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'If you went to the top of Kilimanjaronow, most would find it very hard - around nine out of 10 for discomfort' In September 15 former Wales captains and coach Warren Gatland will attempt to reach the summit of Kilimanjaro to raise money for lung cancer research. Health Editor Madeleine Brindley, who will be part of the Brains SA Captains Climb, examines the impact the high-altitude trek will have on the team.

Byline: Madeleine Brindley

AT ALMOST 6km up, the air is considerably thinner than at sea level and the body struggles to get the oxygen it needs.

People walking - or climbing - at this altitude have as much as a 50-50 chance of developing acute mountain sickness, which in turn can develop into a potentially life-threatening condition.

But even if they don't develop a high-altitude illness, most will experience some symptoms - a headache, dizziness or shortness of breath - as a result of the lower oxygen levels.

The Brains SA Captains Climb team, made up of 15 former Wales rugby captains and current coach Warren Gatland, will experience the effects of altitude first hand when they attempt to climb Kilimanjaro in September.

They will be helped in their preparation by expert Professor Damian Bailey, who conducts cutting-edge research on the UK's only acclimatisation chamber, which is based at the University of Glamorgan, in Treforest.

"If you were to go up to 6,000m now, most people would find it very, very difficult - it would be a nine out of 10 in terms of discomfort," Prof Bailey said.

"But with acclimatisation over four or five days it falls to five or six out of 10. The acclimatisation process helps you to breath in and out more efficiently and increases the red blood cell count.

"Essentially you will be able to suck more oxygen from an oxygen-depleted environment.

"The brain is very clever - the less oxygen it sees, the more it sucks out. It defends the amount of oxygen that powers the brain, which is, after all, the most oxygen-dependent organ in the body.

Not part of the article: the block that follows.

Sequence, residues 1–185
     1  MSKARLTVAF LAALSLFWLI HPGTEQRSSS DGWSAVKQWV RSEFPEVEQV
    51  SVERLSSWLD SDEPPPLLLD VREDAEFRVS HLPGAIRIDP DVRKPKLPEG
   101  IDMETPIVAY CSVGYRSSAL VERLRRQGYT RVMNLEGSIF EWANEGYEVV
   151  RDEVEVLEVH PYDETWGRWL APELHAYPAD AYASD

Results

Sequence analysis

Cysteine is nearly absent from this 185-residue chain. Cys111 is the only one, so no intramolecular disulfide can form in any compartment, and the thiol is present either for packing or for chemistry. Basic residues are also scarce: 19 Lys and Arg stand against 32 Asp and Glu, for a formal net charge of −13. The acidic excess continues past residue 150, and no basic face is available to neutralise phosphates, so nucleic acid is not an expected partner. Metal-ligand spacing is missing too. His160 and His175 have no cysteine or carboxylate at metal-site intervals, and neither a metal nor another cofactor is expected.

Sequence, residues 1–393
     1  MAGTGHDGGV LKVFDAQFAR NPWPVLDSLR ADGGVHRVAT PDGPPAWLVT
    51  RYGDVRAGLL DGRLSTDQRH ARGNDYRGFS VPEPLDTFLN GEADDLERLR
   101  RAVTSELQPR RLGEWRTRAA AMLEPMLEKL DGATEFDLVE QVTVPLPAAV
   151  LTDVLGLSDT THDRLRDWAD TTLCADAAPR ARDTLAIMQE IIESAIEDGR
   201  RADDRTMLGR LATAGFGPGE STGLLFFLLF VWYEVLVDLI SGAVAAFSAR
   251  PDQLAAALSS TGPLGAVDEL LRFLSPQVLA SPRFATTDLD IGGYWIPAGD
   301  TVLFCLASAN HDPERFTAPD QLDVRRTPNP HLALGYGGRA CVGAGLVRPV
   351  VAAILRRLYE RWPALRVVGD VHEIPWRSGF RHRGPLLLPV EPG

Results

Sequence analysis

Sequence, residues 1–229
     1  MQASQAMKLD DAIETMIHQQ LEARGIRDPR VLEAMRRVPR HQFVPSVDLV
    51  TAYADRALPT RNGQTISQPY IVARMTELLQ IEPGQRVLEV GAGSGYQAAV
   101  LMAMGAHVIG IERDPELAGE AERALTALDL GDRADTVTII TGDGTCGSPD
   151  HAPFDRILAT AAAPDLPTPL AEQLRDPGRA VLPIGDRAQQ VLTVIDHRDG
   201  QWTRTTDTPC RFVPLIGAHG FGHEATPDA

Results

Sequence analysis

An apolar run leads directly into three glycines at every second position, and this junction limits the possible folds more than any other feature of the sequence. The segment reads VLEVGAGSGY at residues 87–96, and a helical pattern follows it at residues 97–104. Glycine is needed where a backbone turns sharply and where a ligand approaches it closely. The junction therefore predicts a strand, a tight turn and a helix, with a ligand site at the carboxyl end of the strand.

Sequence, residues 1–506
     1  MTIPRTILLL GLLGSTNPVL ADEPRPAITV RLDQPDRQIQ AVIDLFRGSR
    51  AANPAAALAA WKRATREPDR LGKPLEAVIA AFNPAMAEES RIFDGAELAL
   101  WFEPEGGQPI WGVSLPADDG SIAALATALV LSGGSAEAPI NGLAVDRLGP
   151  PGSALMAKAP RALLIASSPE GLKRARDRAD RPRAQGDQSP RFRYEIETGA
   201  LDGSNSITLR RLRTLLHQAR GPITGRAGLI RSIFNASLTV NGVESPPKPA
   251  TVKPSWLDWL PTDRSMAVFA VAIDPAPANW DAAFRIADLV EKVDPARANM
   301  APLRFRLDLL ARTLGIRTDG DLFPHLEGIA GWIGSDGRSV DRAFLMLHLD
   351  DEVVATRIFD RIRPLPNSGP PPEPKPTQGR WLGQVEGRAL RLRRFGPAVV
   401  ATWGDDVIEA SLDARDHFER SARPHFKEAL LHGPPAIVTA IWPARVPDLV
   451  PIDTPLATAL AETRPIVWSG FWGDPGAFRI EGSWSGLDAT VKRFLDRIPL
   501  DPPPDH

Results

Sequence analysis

"Acclimatisation is about turbo-charging the body from the cellular level to organ systems, making it more efficient and effective in dealing with less oxygen.

"If you were exposed to the altitude of the summit of Everest (8,848m) without acclimatisation, within two to three minutes you would lose consciousness. But in 1978 Reinhold Messner and Peter Habeler climbed the mountain without supplementary oxygen."

At 5,893m, Kilimanjaro is the highest mountain in Africa and one of the tallest, free-standing volcanoes in the world.

The route to the summit is by a series of well defined paths and, unlike some of the world's other highest peaks, the climb is technically easy - it is essentially a week-long trek.

But this does not mean it will be akin to a walk in the park - the combination of altitude, low temperatures and occasional high winds make it a difficult and dangerous trek.

All the guides to Kilimanjaro emphasise that acclimatisation is essential and even then most people will suffer some degree of altitude sickness.

Around 10 climbers die from acute mountain sickness every year together with an unknown number of local porters - Kilimanjaro's summit is well above the altitude at which high altitude pulmonary oedema (HAPE), or high altitude cerebral oedema (HACE) can occur.

"Physical fitness is not protective," Prof Bailey said. "Fitness is important to get up the mountain but will not predict whether you get sick or not."

At just before 5,000m altitude there is around 12% oxygen in the air, compared to 21% at sea level. While the oxygen concentration in the air does not fall the higher you go, barometric pressure falls impacting on the amount of oxygen available to breathe.